Gavyn Donatti is a thief. At the beginning of Master of None, he's on the run from thugs employed by a man who hired Donatti to steal an antique knife for him. Donatti did--but then he lost the knife.
Donatti is attempting to escape when a man appears and rescues him. Ian, it turns out, is a djinn. He tells Donatti he's there to help him achieve his life's purpose, but the reality is much different, as Donatti finds out slowly. Donatti is the mortal descendant of Ian himself, and Ian needs his help to track down another djinn who wants to rule the world. Or something close enough to that, anyway. The plot is basically a nonstop car chase for two-thirds of the book, and then it's a long confrontation that essentially takes place in one room.
Everyone in the book, including Donatti himself, repeatedly calls him a loser. I kept waiting for his hidden smarts to show, but they never do. He reveals abilities when Ian teaches him how to do things that djinns can do, but he never proves that he's particularly clever. He's a nice enough guy, but he's not exactly hero material and he never comes across as a hero even when he's doing heroic stuff. He's just going through the motions because that's what the author needs him to do.
That's a problem with most of the book. Events happen not because they grow out of previous events, but because the plot needs them to happen. There are a lot of characters along for the car chases and they all argue constantly, usually about why they shouldn't have to do what someone else told them to do--and then they screw things up so that the plot can advance. Donatti does a lot of screwing up. If the characters get too stuck, a little bit of magic saves the day, but if things start going too smoothly, the magic runs out. This happens over and over and over again. I felt kind of sorry for Bateman's characters by the end, particularly poor Donatti.
Donatti takes more abuse in this book than any character I think I've ever encountered. From the opening pages to the very end, he's constantly hit, kicked, shot, tasered, smacked around, tortured, insulted, and beat up. I question the need for the extended torture scenes, which I thought went on for too long for no particular purpose except to show that the bad guy is really bad. So much happens to Donatti, in fact, that I eventually stopped registering it. It doesn't slow him down appreciably; if he gets too knocked around, Ian heals him, unless the plot requires him to stay down for a little while. Because I stopped caring about the damage dealt to Donatti, I stopped caring about Donatti's problems too. He didn't seem particularly concerned with them either.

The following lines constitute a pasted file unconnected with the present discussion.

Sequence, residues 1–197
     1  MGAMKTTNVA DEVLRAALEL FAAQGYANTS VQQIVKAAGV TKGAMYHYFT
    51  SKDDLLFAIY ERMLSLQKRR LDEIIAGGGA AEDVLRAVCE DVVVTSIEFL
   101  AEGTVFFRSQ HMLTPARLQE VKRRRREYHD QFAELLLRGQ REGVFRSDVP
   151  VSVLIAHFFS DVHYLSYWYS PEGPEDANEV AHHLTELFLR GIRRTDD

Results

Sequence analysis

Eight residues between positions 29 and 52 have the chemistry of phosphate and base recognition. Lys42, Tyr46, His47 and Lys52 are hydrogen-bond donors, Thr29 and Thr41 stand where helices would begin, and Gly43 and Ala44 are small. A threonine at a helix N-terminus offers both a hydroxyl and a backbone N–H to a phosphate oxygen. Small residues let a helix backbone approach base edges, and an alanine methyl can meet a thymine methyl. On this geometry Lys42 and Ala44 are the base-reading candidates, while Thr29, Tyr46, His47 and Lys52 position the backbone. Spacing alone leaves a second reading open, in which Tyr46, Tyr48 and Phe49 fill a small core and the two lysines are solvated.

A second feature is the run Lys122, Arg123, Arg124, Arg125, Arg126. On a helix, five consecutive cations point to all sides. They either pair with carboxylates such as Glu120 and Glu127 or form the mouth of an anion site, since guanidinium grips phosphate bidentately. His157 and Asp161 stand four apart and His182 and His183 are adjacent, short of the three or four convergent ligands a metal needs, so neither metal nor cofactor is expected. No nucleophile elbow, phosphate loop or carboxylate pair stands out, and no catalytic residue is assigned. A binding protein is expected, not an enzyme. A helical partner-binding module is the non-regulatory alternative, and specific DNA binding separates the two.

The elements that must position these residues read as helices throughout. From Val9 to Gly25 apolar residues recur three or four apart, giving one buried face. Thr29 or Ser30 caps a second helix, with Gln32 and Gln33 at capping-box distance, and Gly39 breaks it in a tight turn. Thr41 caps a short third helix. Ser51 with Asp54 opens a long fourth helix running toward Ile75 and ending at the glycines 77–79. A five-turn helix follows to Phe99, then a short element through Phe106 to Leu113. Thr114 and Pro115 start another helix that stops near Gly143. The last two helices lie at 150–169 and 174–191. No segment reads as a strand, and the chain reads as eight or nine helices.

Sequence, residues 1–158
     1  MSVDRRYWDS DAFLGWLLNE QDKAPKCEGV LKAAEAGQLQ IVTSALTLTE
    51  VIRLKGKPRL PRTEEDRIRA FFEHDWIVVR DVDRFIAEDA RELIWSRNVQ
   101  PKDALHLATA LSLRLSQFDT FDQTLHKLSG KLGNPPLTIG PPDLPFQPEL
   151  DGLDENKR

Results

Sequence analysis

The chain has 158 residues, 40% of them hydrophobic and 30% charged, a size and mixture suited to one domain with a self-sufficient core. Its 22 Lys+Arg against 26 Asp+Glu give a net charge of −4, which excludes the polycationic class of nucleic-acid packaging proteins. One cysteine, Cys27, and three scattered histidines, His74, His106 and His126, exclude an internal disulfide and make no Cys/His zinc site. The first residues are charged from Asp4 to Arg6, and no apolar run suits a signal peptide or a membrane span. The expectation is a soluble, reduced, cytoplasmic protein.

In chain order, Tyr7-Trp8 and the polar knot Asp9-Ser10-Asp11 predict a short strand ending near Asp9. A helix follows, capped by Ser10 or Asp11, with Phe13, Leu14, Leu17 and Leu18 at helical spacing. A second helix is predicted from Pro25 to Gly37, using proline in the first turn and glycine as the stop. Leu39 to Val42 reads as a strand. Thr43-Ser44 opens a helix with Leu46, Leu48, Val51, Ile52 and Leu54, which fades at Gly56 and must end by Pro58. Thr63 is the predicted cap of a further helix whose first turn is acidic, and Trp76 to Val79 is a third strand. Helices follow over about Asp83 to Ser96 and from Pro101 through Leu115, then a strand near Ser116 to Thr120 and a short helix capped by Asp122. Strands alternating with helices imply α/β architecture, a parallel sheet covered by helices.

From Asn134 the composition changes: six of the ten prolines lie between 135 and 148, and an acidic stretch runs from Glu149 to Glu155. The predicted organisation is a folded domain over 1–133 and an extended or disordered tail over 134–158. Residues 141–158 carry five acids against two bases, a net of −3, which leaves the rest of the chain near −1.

Despite the lackluster plot, I did like a lot about the book. Donatti's relationship with his sometime girlfriend Jazz is believable (even if I found Jazz really, really, really annoying and largely unbelievable as a character), and Ian's long-distance relationship with his wife is moving. I liked Ian, for that matter; his motivations and personality are both much more powerful and interesting than Donatti's are. His weaknesses made him appear much stronger than Donatti, who basically just functions as a punching bag--getting hit and bouncing back without lasting damage. If I read the sequel, it'll be because I want to find out what happens to Ian, not Donatti.
I just didn't care enough about Donatti's situation or the complicated political problems of the djinn world to invest too much into the book. I could have put it down at any point and never come back to it, and I'd never have wondered what happened in the end. I didn't find the ending especially satisfying, either, since it should have happened about 50 pages earlier--except that poor loser Donatti screwed up again so that the plot would drag out that much longer.